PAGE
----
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Obesity clinical trials at UCSF

13 in progress, 7 open to eligible people

Showing trials for
  • Central Obesity and Cancer Prevention for Chinese American Women

    open to eligible females ages 18 years and up

    This project examines the feasibility of a smartphone-based intervention to reduce obesity and breast cancer risk among Chinese American women in San Francisco. The proposed intervention is to use the mobile application and an activity tracker device to promote a healthier lifestyle and physical activity. Ultimately, the findings will advance the NIH mission of enhancing health promotion and disease prevention.

    San Francisco, California

  • Dietary Treatment Study of Fat Synthesis and Risk of Cardiovascular Disease

    open to eligible people ages 20-65

    The purpose of this study is to find out how the amount of fat or sugar in a person's diet, or the number of meals eaten each day, affect the amount of fat that people's bodies make, the types of fats in the bloodstream, and how much fat is stored in the liver. The study is funded by the National Institutes of Health.

    San Francisco, California

  • Endoscopic Surgery for Bariatric Revision After Weight Loss Failure

    open to eligible people ages 18 years and up

    Morbid obesity and its associated metabolic diseases are on the rise in the United States. Currently, the best treatment for obesity is bariatric surgery where both roux-en-Y gastric bypass and sleeve gastrectomy offer substantial weight loss. Unfortunately, 20% of patients who undergo bariatric surgery fail to lose enough weight defined as less than 50% of excess body weight loss or regain of weight. For those patients who fail to lose weight after bariatric surgery and have failed maximal medical therapy and diet supervision, the treatment is re-operation and revision. Re-operation of the abdomen carries significant postoperative morbidity and mortality. The investigators propose to use the Apollo OverStitch endoscopic suturing device that has already been approved by the FDA as an option for bariatric surgery revision without having to re-operate on the patient. The investigators believe that the endoscopic technique may be able to provide weight loss without having to re-operate on the patient.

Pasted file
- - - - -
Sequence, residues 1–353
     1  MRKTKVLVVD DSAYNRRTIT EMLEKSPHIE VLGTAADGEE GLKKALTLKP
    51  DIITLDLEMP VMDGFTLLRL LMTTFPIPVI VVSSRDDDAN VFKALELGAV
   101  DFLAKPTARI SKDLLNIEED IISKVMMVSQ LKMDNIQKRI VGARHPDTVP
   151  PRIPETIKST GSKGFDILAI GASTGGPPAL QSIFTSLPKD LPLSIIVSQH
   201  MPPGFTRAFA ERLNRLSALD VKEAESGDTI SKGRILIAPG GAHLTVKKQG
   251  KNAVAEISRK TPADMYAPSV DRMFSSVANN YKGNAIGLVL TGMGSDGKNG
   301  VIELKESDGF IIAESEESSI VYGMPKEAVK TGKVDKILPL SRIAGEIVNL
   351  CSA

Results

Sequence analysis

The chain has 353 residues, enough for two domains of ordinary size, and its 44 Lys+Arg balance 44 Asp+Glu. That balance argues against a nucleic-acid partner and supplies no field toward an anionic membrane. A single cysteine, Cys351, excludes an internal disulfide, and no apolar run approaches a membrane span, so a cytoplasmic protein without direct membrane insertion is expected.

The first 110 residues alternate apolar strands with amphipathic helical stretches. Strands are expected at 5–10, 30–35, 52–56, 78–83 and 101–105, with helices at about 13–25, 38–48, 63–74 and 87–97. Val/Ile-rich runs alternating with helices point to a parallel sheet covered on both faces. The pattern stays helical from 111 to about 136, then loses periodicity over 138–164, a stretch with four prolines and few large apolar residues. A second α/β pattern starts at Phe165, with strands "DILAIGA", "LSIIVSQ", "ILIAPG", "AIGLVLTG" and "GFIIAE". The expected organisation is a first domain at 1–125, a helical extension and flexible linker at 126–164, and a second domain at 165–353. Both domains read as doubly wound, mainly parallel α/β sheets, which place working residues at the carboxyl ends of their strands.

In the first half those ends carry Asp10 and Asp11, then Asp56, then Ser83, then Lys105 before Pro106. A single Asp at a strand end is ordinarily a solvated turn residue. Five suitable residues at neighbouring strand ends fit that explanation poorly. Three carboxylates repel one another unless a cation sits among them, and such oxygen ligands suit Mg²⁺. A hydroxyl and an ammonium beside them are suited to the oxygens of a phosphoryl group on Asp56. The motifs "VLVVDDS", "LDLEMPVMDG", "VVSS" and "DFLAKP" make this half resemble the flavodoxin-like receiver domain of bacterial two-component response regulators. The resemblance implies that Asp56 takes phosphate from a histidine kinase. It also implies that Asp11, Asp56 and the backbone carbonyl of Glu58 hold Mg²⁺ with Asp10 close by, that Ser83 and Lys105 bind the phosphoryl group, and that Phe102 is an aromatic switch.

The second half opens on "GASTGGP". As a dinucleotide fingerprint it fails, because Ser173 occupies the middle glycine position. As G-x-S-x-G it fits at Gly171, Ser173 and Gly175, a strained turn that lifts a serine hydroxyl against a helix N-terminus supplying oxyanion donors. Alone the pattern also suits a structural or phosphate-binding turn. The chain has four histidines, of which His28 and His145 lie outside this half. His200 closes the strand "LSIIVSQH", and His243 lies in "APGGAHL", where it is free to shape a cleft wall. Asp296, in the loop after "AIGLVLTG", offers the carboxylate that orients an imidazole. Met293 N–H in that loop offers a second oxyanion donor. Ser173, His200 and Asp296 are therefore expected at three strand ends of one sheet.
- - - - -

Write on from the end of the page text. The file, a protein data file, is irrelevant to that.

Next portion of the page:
San Francisco, California

  • Inflammation, Diabetes, Ethnicity and Obesity Cohort

    open to eligible people ages 25-65

    Obesity affects over one third of US adults (>72 million, with BMI ≥30 kg/m2), and the proportion of US adults with BMI ≥40 kg/m2 has doubled in the last 20 years. Obesity is associated with increased mortality through its linkage to comorbidities including diabetes, hypertension, dyslipidemia, osteoarthritis, sleep apnea and psychosocial disturbances. Given its prevalence, impact on morbidity and mortality, and economic cost, limiting the spread of obesity and its consequences is one of the most important problems of our time. In this proposed study, investigators will recruit subjects from a wide range of body mass index (BMI), ethnicity and Diabetes risk to collect data and blood, stool and adipose tissue samples in the San Francisco bay area.

    San Francisco, California

  • Pediatric Obesity Weight Evaluation Registry (POWER) Study

    open to eligible people ages up to 18 years

    The main objective of this study is to establish a national pediatric obesity registry known as POWER (Pediatric Obesity Weight Evaluation Registry). This registry will contain clinical data from individual comprehensive pediatric weight management programs around the United States for overweight and obese youth.

    Oakland, California and other locations